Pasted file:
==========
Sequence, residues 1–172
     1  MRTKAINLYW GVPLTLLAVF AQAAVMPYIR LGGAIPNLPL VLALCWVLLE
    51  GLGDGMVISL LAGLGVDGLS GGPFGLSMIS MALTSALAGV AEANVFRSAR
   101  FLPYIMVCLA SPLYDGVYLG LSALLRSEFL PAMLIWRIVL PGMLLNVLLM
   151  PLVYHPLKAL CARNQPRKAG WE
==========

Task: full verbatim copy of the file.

Sequence, residues 1–172
     1  MRTKAINLYW GVPLTLLAVF AQAAVMPYIR LGGAIPNLPL VLALCWVLLE
    51  GLGDGMVISL LAGLGVDGLS GGPFGLSMIS MALTSALAGV AEANVFRSAR
   101  FLPYIMVCLA SPLYDGVYLG LSALLRSEFL PAMLIWRIVL PGMLLNVLLM
   151  PLVYHPLKAL CARNQPRKAG WE